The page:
Bryan Strickland Senior Writer
Charlotte, NC Jan. 20, 2013 – Since the beginning of last football season, Panthers scouts have fanned out across the country, traveling to college campuses far and wide to get up-close looks at future NFL prospects.
Next week, the NFL prospects will come to them.
The Senior Bowl in Mobile, Ala., serves annually as the unofficial kickoff to “draft season.” It’s actually a long ways from the starting line for NFL scouts, but it does kick off the crucial stretch run, when draft boards that had been set based on game-day evaluations will begin to shift based on more in-depth interactions.
Monday, the scouts will divide and conquer practices, some leaning against the chain-link fence around the Ladd-Peebles Stadium field to watch the North team while others venture out to Fairhope Stadium and stand on the sideline to watch the South team.
When each practice ends, scouts from basically every NFL team will descend on the field, getting some of the prospects for a few precious minutes before the players board buses bound for their next destination. Each night, team personnel will get still more time with the prospects during one-on-one interviews at an area hotel.
In the midst of all this, Panthers scouts will carve out some time for each other, comparing notes they’ve culled from their individual assignments across the country throughout the season. And this year when they get together, they’ll be doing so under the direction of a new boss.
Panthers general manager Dave Gettleman plans to attend Senior Bowl week, and that’s where he’ll set the tenor for his inherited staff, getting the scouts up to speed on what he expects from them and how he plans to attack all aspects of the draft process.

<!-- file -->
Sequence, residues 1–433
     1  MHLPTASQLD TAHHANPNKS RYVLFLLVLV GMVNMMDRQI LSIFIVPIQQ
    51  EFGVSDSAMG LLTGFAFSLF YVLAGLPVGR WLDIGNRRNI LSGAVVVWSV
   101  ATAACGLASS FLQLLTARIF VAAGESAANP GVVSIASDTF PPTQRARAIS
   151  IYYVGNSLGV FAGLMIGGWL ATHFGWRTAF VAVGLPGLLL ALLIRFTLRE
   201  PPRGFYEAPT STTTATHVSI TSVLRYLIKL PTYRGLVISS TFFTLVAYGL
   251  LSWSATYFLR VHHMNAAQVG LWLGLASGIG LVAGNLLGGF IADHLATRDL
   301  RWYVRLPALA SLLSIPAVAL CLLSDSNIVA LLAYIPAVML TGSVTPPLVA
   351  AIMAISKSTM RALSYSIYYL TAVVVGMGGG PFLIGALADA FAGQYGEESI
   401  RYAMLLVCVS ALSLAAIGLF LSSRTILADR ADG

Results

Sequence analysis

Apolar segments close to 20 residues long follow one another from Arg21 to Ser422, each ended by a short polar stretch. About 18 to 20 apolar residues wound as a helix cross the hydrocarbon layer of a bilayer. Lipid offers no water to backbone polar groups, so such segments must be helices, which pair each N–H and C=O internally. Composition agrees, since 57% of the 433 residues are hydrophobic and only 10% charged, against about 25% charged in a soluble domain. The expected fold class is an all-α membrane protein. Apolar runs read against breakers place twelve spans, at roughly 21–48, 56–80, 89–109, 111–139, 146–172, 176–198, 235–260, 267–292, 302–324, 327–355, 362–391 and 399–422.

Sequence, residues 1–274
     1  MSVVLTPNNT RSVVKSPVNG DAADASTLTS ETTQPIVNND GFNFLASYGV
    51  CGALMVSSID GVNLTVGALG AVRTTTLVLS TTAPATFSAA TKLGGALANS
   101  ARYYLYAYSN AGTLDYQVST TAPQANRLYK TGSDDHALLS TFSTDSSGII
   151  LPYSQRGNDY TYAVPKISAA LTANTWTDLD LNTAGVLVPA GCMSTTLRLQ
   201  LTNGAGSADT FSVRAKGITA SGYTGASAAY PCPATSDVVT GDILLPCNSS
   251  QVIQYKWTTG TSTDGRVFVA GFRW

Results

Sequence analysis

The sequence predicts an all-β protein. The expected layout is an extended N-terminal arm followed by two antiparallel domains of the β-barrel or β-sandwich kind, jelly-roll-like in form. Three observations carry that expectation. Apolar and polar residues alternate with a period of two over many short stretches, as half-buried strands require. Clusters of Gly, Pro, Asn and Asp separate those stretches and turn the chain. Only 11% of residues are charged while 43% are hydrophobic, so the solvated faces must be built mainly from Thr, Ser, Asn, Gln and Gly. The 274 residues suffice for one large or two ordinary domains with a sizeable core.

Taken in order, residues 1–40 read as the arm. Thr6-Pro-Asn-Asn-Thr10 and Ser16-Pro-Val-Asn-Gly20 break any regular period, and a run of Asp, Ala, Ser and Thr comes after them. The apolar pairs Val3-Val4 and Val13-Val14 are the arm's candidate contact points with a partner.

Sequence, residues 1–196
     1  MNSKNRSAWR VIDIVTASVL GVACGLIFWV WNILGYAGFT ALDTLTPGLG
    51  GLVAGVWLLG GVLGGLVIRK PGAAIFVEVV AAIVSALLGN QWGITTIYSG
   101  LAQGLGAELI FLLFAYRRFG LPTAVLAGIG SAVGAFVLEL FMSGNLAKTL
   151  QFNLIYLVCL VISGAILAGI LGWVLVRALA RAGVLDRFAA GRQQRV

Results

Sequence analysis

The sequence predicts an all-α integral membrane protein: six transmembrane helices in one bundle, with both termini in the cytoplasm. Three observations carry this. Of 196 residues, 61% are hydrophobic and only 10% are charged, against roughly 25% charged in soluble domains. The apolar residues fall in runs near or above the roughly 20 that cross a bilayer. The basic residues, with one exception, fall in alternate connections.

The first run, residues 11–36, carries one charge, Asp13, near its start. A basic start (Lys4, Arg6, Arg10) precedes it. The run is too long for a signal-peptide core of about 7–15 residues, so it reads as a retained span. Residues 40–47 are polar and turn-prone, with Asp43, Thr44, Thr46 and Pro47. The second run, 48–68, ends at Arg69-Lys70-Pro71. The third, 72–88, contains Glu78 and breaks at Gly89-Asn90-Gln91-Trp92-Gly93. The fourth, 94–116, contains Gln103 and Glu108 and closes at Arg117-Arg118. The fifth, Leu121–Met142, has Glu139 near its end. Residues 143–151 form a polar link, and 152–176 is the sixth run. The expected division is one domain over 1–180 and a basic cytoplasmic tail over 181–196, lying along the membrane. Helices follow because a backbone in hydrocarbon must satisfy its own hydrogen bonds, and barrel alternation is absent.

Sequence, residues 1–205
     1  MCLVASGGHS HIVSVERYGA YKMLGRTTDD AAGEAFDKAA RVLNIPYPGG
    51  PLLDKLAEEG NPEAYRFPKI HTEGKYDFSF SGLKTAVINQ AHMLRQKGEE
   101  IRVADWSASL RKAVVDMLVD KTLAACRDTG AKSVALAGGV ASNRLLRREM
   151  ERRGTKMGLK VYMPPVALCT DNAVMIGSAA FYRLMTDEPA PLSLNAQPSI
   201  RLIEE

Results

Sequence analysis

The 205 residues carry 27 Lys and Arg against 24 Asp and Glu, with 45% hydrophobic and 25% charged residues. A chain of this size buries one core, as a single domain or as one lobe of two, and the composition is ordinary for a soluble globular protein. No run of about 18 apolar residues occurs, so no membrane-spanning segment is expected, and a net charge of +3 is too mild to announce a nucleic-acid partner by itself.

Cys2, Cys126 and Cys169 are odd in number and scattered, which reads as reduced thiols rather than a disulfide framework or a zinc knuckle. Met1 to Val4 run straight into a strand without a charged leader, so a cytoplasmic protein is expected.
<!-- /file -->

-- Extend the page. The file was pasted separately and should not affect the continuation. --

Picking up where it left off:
His marching orders will shape the details of how the Panthers as an organization approach the week and how the team eventually will set its big board heading into the April draft. Those details, of course, are trade secrets, but in the big picture there’s no secret about how much ground can be gained in Mobile.
Even with the proliferation of underclassmen in recent NFL drafts and the trend toward cream-of-the-crop prospects skipping all-star games, eight Senior Bowl participants were drafted in the first round of the 2012 draft. Thirty more went in the next two rounds, and all told 82 were drafted – roughly one-third of the total player draft.
In addition, there’s a different type of prospect roaming among the people that line the practice fields. Two years ago, the Panthers hired assistant offensive line coach Ray Brown during Senior Bowl week. Last year, they hired assistant special teams coach Richard Rodgers, who took over as special teams coach for the final seven games of the 2012 season.
On so many levels, the week that will culminate with the Senior Bowl itself on Jan. 26 is a big one for the Panthers organization. And it’s a big week for Panthers fans as well, signaling that the all-important NFL Draft will be here before you know it.